What Are the Different Types of Churches?


Why do we go to church? Churches offer a safe haven for connecting the human race to shared beliefs. Also, the churches reinforce the fundamentals of institutions built on Christianity. These include marriage and family.

As of 2020, more than 47% of US adults attended a church at least every weekend. The number of people who don’t subscribe to religious beliefs but attend church at some point in the year reached 4%.

There are various types of churches. People choose the church to go to based on their beliefs, convenience, and denomination of choice. Also, most people go to the churches they grew up in right from childhood.

But what are your options if you currently don’t subscribe to any denomination? Take a look at this guide.

1. Orthodox Types of Churches

The Orthodox church is among the biggest denominations globally, with nearly 200 million believers. Members of the Orthodox church spend their life striving to walk in the shoes and righteousness of Jesus Christ. The goal is to get closer to God as much as possible.

For this reason, the clergy managing a church in the Orthodox denomination take the congregants through the “theosis” process. Theosis entails believing that Jesus Christ came to earth as both God and man. He lived, died, and was resurrected.

The Orthodox congregants have another special belief. When a member dies, their soul gets separated from the body temporarily and rejoin later in heaven. It’s the same as what happened to Jesus Christ when he died—His soul ascended to heaven, leaving the body behind.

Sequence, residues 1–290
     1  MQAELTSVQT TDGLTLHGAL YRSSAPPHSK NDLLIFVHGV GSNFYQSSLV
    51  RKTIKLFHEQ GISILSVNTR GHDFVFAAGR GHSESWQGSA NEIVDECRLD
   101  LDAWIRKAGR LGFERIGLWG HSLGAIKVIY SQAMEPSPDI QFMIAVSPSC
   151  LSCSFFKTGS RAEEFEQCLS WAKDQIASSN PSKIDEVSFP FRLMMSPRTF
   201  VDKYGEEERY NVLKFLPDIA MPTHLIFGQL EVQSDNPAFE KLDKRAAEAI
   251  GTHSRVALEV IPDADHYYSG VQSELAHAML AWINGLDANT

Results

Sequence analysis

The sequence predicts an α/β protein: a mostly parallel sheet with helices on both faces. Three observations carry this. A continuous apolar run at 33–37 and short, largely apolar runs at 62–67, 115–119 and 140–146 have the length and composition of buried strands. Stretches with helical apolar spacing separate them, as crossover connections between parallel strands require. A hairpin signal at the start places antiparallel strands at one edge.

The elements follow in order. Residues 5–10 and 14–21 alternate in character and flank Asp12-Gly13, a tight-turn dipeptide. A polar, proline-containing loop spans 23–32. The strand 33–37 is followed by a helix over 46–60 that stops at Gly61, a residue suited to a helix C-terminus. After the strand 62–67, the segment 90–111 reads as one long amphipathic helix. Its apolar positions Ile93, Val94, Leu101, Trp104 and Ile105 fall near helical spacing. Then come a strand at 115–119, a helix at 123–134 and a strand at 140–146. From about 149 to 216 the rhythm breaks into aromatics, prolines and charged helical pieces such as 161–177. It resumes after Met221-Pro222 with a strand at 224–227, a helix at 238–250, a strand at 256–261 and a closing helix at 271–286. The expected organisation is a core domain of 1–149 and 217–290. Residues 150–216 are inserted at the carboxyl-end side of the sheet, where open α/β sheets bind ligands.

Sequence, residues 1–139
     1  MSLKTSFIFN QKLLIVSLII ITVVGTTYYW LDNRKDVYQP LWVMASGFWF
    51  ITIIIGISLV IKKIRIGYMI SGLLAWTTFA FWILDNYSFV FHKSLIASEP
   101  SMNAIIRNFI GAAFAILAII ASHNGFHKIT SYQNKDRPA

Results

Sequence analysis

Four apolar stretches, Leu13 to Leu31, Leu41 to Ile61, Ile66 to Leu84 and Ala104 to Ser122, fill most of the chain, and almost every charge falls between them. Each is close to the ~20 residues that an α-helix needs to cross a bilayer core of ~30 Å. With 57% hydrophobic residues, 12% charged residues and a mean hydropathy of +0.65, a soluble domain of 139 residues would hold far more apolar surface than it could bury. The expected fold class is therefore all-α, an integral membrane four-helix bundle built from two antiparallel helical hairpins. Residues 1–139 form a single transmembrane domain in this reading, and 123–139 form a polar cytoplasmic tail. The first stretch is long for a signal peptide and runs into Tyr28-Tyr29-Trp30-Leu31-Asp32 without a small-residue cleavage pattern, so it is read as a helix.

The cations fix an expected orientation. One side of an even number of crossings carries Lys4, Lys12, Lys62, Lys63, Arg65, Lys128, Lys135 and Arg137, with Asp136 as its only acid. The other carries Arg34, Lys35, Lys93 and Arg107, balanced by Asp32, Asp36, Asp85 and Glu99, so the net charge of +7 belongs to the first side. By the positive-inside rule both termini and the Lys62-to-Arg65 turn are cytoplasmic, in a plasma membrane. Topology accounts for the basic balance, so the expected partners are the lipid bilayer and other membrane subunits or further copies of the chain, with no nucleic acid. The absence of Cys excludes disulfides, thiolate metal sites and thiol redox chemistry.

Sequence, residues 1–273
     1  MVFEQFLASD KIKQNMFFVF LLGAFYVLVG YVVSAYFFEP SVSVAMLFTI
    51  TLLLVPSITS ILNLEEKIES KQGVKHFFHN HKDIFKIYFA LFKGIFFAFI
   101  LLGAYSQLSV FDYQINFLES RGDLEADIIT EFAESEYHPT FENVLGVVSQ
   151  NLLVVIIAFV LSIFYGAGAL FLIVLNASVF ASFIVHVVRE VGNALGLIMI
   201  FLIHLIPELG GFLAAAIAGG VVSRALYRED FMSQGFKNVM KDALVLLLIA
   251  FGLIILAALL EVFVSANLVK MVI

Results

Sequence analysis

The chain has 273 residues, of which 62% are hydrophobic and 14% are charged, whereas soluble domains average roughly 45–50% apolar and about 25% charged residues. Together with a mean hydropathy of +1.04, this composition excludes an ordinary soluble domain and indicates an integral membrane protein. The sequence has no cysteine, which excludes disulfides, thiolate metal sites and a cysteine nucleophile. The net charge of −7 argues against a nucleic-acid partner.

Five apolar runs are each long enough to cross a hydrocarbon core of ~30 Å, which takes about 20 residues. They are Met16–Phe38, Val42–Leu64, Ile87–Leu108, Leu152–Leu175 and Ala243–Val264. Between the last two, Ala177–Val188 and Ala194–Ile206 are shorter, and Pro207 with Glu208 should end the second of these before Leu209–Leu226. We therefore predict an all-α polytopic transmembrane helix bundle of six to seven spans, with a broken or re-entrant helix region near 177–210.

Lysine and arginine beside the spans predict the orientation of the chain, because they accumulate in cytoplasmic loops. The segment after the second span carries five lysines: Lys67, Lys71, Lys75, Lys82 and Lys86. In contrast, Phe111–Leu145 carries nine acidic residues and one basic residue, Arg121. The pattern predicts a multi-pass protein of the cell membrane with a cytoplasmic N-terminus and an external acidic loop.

2. The Roman Catholic Church

The Roman Catholic Church is arguably the biggest congregation in the US, with over 17,000 parishes in all states. These parishes serve nearly 51 million adult Americans.

White Americans make about six out of every 10 Roman Catholic church attendees, while Latinos make about one-third. The head of the Roman Catholic church is the Pope, based in Rome, Italy. There are other leaders in the hierarchy, including bishops and priests.

The clergy leads the mission of preaching the gospel of Jesus Christ. The church leaders are also responsible for administering sacraments at every Sunday service and special occasions such as Christmas.

Besides spreading the gospel, the Roman Catholic church is active in various community-based missions and charity work. They build schools, hospitals, and old-age care homes. The church also has mission centers for relief and training of the clergy.

3. Safe Church

The safe church is the new-generation congregation. If you’re an opinionated evangelist, you should consider starting a church around this denomination. You pick the congregation from where you find them and stay in their life situations throughout.

In other words, the pastor preaches the word of God based on what the congregation already knows or thinks. Also, the message is synonymous—God will domesticate his radical Kingdom to fit the congregation’s cultural prejudice.